I wait in a room of gray. Outside the window, the grayness expands into the sky - anomalous for Southern California - like mangoes for breakfast in Nunavut. The first hint of rain came while the world slept unknowing, secure in that nebulous hour between dark and dawn. I sensed the atmospheric shift before waking to the dim light and intermittent splashing on the eaves.
Walking down the sidewalk to the courthouse, I felt its substance - air laced with a hangover of mist. Jury duty. I hope I won’t have to serve, even though I know it’s my civic duty. I respect the law, democracy, am grateful for my relative freedom. As a Canadian, I had an excuse before, but now I’m a dual American Canadian - or as I like to think of myself, a citizen of North America - progeny of a continent. Still, I could be home writing. The challenge now will be to draw something from the experience of being in a room full of my fellow citizens, a reluctant assortment of retirees, students and a sprinkling of professionals who couldn’t wiggle out of it.
Day 1. Lunchtime. Across the room, two men have nestled into the spartan furniture and gone to sleep - as if the Jury Assembly Room were a sanctuary of comfort. One is seated, his head propped against the wall beam. Only the edge of his profile peaks out, his hands clasp a bulging belly. The long limbed Asian guy faces him, his legs stretched out in the aisle, hands thrust in the pouch of his hoodie. I don’t mean to listen, but nearby the girl with the clown red hair and polka dot nail polish is on her phone trying to reschedule a doctor’s appointment. At intervals, she coughs. I hope they’ll see her soon.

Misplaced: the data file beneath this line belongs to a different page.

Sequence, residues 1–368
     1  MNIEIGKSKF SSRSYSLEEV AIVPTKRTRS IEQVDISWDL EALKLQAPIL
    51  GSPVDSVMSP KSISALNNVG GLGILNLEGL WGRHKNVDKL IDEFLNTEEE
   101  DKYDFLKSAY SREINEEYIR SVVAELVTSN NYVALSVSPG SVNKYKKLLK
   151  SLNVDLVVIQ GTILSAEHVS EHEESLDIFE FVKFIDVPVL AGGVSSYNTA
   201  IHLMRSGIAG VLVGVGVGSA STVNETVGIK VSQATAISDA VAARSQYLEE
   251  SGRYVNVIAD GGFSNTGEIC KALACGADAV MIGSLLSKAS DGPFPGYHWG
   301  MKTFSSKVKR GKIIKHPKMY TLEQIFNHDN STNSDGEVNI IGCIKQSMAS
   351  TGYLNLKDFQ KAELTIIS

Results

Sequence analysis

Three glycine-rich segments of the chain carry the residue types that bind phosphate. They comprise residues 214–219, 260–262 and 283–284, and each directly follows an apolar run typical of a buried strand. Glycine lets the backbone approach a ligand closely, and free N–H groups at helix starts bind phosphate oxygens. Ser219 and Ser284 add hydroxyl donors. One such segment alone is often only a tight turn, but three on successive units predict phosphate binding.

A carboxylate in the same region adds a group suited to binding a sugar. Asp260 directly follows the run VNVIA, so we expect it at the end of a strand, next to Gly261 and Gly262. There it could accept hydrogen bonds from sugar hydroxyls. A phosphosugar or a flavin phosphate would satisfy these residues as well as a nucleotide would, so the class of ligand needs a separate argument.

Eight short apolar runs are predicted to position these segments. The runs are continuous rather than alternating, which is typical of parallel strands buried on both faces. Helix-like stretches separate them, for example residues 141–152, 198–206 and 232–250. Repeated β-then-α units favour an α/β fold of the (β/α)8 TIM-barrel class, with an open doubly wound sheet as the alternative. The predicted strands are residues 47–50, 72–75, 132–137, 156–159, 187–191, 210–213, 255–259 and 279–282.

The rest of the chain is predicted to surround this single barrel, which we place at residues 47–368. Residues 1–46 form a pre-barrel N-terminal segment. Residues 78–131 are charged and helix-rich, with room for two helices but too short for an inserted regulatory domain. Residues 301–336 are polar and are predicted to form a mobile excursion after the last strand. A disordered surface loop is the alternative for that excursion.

In the background, the pings and joyful beeps of a video game make silly music. It’s the guy with the pretty blue eyes, a plumber, he said. We met outside earlier, on the way to report for jury selection in a criminal case. After an hour, the court clerk gave us an update, “Good news and bad news. The defendant pled. We don’t need you for the case.”
Then the bad news. A judge on another case asked us to stick around because he might need alternates. No choice but to comply.
What I’m searching for today, my self-assigned mission, is to gather material - little gems observed to tuck away like pilfered acorns. Some day, they may add color to a future writing project. The only way to salvage the time spent in this gray room where I wait.
If you’re a reader who also writes, I’m interested to know if you consciously look for material as you go about the daily minutiae and the big events in life. Please comment.